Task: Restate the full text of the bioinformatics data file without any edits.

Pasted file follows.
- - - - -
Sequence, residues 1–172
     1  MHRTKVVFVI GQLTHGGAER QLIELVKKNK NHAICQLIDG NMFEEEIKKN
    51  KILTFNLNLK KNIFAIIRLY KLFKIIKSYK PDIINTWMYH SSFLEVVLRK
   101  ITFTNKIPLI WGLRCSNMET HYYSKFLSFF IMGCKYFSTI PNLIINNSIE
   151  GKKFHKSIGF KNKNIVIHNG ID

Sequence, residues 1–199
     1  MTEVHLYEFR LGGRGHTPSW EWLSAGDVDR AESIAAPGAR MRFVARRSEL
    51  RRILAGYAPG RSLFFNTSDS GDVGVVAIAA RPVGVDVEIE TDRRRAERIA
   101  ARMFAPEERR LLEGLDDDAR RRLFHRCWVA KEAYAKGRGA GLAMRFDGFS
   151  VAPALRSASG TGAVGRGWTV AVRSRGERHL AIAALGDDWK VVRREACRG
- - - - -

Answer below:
Sequence, residues 1–172
     1  MHRTKVVFVI GQLTHGGAER QLIELVKKNK NHAICQLIDG NMFEEEIKKN
    51  KILTFNLNLK KNIFAIIRLY KLFKIIKSYK PDIINTWMYH SSFLEVVLRK
   101  ITFTNKIPLI WGLRCSNMET HYYSKFLSFF IMGCKYFSTI PNLIINNSIE
   151  GKKFHKSIGF KNKNIVIHNG ID

Sequence, residues 1–199
     1  MTEVHLYEFR LGGRGHTPSW EWLSAGDVDR AESIAAPGAR MRFVARRSEL
    51  RRILAGYAPG RSLFFNTSDS GDVGVVAIAA RPVGVDVEIE TDRRRAERIA
   101  ARMFAPEERR LLEGLDDDAR RRLFHRCWVA KEAYAKGRGA GLAMRFDGFS
   151  VAPALRSASG TGAVGRGWTV AVRSRGERHL AIAALGDDWK VVRREACRG